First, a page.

Restricted dress? No problem: How to look fierce in IVDC restricted dress

Restricted dress? No problem: How to look fierce in IVDC restricted dress

Note before reading: Kerris has provided me with a list of the restrictions that I did not have before writing this post. I have strongly suggested buying patterned clothes, and have seen many people who have worn pattern (including myself) that have not been called out for it. Sometimes it's just a case of luck, so just bear that in mind when you're looking for outfits. At friendies you can probably get away with wearing pattern, but perhaps not Northerns or Nationals. It's up to you if you want to risk it - I probably will! :D

Having watched Strictly since I was six years old, I was in love with the dresses almost as much as I was in love with the dancing. I think we – especially ladies – can all admit that the beautiful princess dresses form a large part of the initial appeal of ballroom dancing.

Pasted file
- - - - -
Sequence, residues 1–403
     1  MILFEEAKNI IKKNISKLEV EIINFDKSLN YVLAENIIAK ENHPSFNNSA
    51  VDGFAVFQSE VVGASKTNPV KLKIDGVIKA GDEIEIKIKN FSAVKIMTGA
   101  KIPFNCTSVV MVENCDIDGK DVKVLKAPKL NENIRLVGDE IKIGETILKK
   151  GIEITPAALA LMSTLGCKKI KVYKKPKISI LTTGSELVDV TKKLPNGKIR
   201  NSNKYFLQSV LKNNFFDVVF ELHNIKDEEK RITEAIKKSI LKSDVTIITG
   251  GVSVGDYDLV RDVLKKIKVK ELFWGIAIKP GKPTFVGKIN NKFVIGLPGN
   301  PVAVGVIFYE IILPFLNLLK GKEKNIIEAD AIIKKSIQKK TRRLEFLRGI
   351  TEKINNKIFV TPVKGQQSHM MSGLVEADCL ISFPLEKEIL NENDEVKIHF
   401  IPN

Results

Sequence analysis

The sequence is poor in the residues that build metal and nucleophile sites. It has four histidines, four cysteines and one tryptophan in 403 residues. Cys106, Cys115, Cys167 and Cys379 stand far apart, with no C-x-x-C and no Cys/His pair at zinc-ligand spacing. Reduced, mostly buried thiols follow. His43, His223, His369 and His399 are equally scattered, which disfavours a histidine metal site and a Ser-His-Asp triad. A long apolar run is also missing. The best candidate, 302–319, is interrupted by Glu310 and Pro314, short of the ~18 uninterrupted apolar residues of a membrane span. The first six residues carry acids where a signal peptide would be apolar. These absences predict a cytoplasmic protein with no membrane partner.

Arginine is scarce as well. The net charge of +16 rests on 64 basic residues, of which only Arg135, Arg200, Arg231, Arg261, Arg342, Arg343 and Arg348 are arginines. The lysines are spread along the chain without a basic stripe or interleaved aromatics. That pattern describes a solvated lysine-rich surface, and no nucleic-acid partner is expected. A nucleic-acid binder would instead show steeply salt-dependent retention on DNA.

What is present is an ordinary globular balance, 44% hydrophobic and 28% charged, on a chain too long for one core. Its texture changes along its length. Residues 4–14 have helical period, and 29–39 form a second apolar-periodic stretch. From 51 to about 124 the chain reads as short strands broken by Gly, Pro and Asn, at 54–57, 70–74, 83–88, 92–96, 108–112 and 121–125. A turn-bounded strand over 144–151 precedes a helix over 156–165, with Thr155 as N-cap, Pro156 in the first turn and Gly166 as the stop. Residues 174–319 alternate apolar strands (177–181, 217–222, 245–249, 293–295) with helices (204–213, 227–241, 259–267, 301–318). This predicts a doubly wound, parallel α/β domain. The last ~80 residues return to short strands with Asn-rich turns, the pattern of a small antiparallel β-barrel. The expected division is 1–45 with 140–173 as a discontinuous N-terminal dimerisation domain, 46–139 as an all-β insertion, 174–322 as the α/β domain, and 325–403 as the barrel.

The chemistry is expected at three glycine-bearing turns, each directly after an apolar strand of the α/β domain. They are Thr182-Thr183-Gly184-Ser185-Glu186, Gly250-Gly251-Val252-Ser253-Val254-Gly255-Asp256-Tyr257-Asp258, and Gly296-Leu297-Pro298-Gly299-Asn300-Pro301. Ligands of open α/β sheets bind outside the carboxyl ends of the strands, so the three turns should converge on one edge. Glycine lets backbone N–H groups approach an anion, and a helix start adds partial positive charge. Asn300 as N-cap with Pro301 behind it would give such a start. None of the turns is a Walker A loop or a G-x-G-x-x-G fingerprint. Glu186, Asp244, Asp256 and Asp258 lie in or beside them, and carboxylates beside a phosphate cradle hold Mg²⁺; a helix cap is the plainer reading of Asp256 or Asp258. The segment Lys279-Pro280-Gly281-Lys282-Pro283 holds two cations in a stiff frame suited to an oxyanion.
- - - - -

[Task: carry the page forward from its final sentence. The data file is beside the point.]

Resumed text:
And then, if you are merely a beginner or a novice, you get landed into varsity competitions and told you cannot live out such a dream.

Aside from the debate about the subject, I have written this article with some advice and suggestions on how to feel like a dancer, look like a dancer and dance like a dancer through what you wear at competitions, despite IDVC restrictions.

Now before I get into any of the nitty-gritty, it’s very important to remember that the priority is always to wear something that you’re comfortable in. You don’t need to show enormous amounts of skin or wear tonnes of makeup to make rounds.

Equally, as we’ve probably all witnessed at comps, looking really good does not help you make rounds either. I’ve seen a fair few scruffy looking dancers make finals. However, looking presentable helps you feel confident, sexy and gets you into the spirit of dance.